I was torn. Should I show myself? Should I reveal who I really am? I want to see him, as Sirius.
But he didn't come to you, the rational part of my mind whispered. He never came and found you. And think about the way he acted tonight. He attacked the Fat Lady with a knife! He might be unhinged. He might not really be himself.
I heard a low whine from below. I carefully peered down. Padfoot was standing at the foot of the tree, pawing at the trunk and whining while looking up at me. He obviously didn't know who I really was, as I had never told him about my Animagus form. But, though I did not know it, he remembered me from that night when there had been a winter snow storm and both he and I had had to save ourselves from Remus in his werewolf form. Based on that old memory, Padfoot was inclined to trust me. When he saw my bright orange head poke out from atop the branches, he whined again, plainly wanting me to come down.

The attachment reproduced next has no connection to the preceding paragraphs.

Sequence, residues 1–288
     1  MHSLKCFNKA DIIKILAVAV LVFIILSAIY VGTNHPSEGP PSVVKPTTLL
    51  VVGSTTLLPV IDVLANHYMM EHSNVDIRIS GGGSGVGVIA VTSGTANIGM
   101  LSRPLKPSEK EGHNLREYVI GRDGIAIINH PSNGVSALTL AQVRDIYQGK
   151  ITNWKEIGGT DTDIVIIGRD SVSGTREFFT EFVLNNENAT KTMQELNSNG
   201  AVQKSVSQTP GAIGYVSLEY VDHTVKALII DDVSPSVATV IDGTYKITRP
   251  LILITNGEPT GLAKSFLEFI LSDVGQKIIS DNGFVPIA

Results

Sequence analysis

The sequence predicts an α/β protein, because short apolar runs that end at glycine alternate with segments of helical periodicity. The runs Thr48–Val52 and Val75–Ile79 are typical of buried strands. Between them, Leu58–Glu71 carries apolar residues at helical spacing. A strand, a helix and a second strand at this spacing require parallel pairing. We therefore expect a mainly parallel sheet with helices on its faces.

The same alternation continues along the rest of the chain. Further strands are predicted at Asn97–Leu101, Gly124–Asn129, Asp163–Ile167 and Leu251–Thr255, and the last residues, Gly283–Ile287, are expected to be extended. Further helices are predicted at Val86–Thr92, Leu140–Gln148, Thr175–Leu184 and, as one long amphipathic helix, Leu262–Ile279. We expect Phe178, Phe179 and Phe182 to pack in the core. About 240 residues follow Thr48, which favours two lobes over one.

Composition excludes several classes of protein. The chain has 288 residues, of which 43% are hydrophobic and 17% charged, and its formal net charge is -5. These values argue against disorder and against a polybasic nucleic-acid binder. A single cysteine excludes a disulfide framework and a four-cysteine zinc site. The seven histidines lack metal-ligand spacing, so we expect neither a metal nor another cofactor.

Seeing my general anxiety and unwillingness to come closer, Padfoot sat down on his haunches and tucked his tail between his legs to show that he meant no harm. He waited patiently as I got the courage to drop down the tree branch by branch. Finally, I dropped down next to him. Again, his size intimidated me. I quickly slunk around the trunk of the tree so that the tree was in-between us, and poked out only my head to look at him. When Padfoot, clearly excited, got up on all fours, I cowered and slunk back to hide myself behind the tree. He quickly sat down again.
Slowly, I approached him, sniffing him and all around him. The scent of metal lingered on him. The sharp, metallic scent was particularly off-putting for my cat senses, but I fought the desire to run away. I remained near the base of the trunk, ready to scamper back up it as needed, but I finally sat down in front of Padfoot. Padfoot's tail slowly slid out from under him, as he slowly wagged it. It was a bit stiff as he, too, was trying to assess the situation, but he didn't feel too threatened by me anymore. We stayed that way for a while, just gazing at each other.